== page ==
If there is a power failure on the water circulating system, a system failure or a terrorist attack, the cooling water will boil off and the heat of the spent rods would melt or ignite the the containers. Hundreds of tons of radioactive waste would be vaporized and ejected into the atmosphere.

      http://www.ucsusa.org/nuclear-power/nuclear-waste/safer-storage-of-spent-fuel#.V7dwlRQfV-U

      You told us you are comfortable with “however we do it.” I am not. That is my opinion and YMMV

      You think the nuclear industry covers all of its costs. That is patently false.

      • for someone who...

        … doesn’t bother to read the written word very well, one would think you’d stop well before attempts to read minds.

        You think the nuclear industry covers all of its costs. That is patently false.

        That is not what I think and not even close to what I wrote. The very fact of unsuccessful attempts to hide the costs, however much you think it refutes my point, in fact underlines my very point: we wouldn’t know about their efforts to cheat if we didn’t have a cost structure to measure against.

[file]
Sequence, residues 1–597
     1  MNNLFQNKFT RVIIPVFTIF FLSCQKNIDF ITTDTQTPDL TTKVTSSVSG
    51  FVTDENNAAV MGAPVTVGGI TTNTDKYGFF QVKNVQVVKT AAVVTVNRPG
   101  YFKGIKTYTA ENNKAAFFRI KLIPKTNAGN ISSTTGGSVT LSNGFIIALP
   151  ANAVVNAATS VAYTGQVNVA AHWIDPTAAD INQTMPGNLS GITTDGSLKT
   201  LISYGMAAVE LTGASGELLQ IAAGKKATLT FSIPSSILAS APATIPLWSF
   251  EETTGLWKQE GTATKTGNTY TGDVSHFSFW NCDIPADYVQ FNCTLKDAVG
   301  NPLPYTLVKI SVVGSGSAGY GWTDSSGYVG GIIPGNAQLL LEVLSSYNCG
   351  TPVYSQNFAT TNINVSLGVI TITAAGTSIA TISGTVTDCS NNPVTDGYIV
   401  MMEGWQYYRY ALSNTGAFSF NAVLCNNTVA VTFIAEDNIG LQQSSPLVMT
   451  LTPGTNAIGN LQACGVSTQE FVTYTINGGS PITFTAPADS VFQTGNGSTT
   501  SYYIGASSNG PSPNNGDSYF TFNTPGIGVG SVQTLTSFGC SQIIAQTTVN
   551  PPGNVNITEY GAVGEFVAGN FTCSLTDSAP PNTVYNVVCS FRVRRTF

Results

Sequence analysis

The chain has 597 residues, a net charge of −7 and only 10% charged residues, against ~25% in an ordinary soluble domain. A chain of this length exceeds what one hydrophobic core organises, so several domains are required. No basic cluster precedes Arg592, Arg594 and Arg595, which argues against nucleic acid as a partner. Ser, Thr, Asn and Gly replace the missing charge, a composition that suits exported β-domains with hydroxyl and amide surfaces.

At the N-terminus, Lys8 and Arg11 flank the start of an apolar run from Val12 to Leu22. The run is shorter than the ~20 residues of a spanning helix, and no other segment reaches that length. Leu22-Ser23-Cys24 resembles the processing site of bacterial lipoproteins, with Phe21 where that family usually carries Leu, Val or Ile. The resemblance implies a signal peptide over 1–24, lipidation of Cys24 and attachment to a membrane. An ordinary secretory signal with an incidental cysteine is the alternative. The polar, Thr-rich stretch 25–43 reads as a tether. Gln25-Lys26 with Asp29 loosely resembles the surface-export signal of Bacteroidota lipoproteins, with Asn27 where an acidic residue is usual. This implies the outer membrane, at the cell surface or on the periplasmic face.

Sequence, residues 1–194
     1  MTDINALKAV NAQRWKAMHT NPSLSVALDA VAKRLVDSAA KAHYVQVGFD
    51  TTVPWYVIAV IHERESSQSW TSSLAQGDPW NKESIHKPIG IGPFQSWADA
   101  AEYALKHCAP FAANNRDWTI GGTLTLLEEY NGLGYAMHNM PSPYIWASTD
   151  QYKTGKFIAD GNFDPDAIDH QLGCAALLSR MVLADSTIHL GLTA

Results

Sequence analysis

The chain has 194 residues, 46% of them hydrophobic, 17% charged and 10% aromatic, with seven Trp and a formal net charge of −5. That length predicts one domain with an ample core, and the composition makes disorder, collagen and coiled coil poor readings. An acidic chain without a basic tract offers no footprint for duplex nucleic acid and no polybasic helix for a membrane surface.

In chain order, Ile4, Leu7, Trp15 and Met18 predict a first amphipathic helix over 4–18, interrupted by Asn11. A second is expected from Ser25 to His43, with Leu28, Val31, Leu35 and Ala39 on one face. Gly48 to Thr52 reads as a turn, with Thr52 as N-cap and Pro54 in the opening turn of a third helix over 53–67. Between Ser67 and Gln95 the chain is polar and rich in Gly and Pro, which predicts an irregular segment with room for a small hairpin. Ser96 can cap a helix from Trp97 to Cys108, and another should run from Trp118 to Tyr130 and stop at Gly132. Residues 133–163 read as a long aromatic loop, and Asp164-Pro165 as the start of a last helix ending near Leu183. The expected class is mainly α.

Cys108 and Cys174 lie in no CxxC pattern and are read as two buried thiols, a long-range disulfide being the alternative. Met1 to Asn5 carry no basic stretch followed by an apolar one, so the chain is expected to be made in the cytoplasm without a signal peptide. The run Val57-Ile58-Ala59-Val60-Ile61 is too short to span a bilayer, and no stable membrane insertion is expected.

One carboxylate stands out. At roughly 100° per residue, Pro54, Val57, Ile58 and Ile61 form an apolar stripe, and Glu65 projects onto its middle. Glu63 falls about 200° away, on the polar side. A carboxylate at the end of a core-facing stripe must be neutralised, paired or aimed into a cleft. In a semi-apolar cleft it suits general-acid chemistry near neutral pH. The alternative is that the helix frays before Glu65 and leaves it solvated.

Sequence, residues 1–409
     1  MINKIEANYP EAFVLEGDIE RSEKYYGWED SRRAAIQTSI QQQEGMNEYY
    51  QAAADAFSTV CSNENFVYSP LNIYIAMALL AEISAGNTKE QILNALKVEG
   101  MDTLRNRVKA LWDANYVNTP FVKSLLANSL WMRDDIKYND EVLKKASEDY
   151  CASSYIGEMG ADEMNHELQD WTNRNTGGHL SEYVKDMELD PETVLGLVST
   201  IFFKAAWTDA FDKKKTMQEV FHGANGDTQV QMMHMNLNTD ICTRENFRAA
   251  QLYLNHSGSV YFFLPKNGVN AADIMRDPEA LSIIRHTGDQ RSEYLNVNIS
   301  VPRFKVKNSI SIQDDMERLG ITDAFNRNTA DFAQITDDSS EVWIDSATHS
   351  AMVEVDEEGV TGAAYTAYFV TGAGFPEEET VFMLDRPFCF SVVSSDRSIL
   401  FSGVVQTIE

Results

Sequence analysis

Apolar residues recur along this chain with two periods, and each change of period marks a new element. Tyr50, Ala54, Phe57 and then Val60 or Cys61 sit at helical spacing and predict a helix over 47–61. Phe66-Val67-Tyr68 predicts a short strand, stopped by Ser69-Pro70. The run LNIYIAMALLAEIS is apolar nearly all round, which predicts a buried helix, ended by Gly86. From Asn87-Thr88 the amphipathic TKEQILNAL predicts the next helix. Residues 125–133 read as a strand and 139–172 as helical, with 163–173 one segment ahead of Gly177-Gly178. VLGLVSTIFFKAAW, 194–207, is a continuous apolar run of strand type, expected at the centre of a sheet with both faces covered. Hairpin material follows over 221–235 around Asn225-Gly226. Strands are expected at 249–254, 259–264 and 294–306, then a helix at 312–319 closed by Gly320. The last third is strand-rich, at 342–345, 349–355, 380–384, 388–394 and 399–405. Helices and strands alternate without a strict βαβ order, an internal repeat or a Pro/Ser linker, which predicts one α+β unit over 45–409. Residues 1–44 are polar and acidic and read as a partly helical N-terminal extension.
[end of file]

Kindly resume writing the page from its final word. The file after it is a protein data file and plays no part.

Derp.

        Carbon energy sources have been used for hundreds of years with a massive hidden cost to them: the storage of carbon waste in the atmosphere. This is a huge, possibly extinction level, cost to the use of carbon that was never once factored into any or all power plant design and/or manufacture.

        With nuclear, that cost is not hidden. When someone, today, sets out to build a nuclear power plant the questions are asked: Where? How big? What are you going to do with the waste? We know, ahead of time, that the cost structure of building and insuring a nuclear power plant includes waste processing. And, yeah, that number is going to be big. But nuclears ‘exorbitance’ of cost is only a reality in the face of the carbon plants never having to factor into their creation and use the possible destruction of the planet.

    • Falsehood

      Nuclear power costs encompass the entirety of cycle, from mining to waste disposal…

      Rowe Yankee closed down almost 25 years ago, and took 15 years to “decommission.” All of the nuclear waste it generated is stored above ground on the site.

      • fascinating...

        … that showing me something right out in the open is an attempt to refute the notion that the costs of nuclear aren’t that well hidden.

        There are costs that are hidden, in fact not even paid until too late. This is what I am talking about.